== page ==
View Full Version : [ubuntu] How to uninstall the newest kernel?

September 24th, 2009, 04:47 AM
Suddenly I couldn't boot from the usual kernel in Ubuntu 9.04 64-bit and am now using an older one. I would like to reinstall the newer one.

In Synaptic I see the following packages installed:



I have noticed that the older packages have no dependencies. But they are the ones in use. However, if I try to uninstall all the newer version packages, Synaptic will also uninstall:


How should I reinstall the new kernel in order to make it work? Which 2.6.28-15 packages do I have to remove and how?

Thanks so much,

September 24th, 2009, 04:55 AM
If you have the .15 kernel as a .deb, just open it with gdebi and install it. You can get .deb files of all current kernels here (http://kernel.ubuntu.com/~kernel-ppa/mainline/). Personally, I like the 2.6.30 kernel, but if you want to stay with the 2.6.28, it's up to you. You should be able to go to the appropriate folder in the link, click on the .deb file you want, and download it. Depending on your browser settings, you may get a choice to save or open it. You can do it either way, your choice.

If you want to do it via Synaptic, just find the .15 kernel, click on it, and select Mark for Installation, then Apply. That should do it for you. You shouldn't have to remove anything. Just be aware that you can't make any changes to the kernel you currently have booted. Boot to an older kernel, then you can change what you like with the newer one(s).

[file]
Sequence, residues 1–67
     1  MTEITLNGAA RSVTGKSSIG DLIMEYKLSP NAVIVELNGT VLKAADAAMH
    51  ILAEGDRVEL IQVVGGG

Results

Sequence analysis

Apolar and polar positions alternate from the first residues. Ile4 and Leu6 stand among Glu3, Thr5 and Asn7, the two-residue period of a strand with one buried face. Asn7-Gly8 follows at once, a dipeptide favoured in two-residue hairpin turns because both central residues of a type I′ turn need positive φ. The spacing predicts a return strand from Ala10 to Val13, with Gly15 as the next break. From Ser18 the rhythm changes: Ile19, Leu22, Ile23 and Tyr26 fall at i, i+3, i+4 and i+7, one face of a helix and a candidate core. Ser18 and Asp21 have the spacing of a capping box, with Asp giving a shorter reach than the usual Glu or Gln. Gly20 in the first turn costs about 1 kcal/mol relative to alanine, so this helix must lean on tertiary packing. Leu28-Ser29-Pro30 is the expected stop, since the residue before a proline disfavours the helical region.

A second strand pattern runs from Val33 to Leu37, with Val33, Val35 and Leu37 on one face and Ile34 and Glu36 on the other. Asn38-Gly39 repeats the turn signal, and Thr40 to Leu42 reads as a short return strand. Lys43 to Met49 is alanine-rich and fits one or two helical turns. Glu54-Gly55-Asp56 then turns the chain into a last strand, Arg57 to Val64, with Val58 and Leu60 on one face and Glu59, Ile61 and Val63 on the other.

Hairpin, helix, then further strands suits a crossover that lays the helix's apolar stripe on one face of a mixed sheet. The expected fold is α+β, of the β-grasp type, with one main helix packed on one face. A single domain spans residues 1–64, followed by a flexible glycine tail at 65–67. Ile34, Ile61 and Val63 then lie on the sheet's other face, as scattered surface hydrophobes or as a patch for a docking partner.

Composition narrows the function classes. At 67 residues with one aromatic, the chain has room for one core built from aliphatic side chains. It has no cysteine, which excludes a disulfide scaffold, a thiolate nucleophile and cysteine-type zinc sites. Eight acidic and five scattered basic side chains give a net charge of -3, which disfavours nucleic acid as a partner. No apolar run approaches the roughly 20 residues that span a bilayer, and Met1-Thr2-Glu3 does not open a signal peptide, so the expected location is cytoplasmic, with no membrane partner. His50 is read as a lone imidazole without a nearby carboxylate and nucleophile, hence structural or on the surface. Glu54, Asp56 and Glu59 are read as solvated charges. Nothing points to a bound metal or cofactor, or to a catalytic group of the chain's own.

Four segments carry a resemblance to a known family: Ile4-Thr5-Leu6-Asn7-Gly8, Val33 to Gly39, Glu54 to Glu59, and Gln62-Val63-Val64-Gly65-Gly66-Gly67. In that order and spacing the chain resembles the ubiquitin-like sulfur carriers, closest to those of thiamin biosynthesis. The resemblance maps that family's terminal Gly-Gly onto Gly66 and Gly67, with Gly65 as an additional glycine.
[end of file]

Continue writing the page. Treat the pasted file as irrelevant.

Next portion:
September 24th, 2009, 04:57 AM
sudo apt-get --reinstall install linux-headers-2.6.28-15 linux-headers-2.6.28-15-generic linux-image-2.6.28-15-generic linux-restricted-modules-2.6.28-15-generic

September 24th, 2009, 07:31 AM
I actually just enabled the jaunty-proposed repository and updated the newer kernel.

I would have liked to update to the .30 kernel but I am too much of a newbie to know the benefits / risks.

Thanks so much for your prompt replies.

September 25th, 2009, 03:25 AM
The benefit is that everything works out of the box, at least on my EEE, and everything seems to be much snappier. I haven't seen any downside. If a kernel gives you problems, you can always boot from any other you have installed. That's why I always keep at least two installed, sometimes more. I like to try out new kernels, and having a known good one in the grub system lets me revert when one doesn't work. The .31 kernel won't boot on an EEE PC, and I found that out by trying it. When it didn't, I just booted from the .30 kernel and removed it. I still have high hopes for the .31 kernel, which is supposed to run browsers and other software much more efficiently, thus faster. The .30 does it pretty well for me.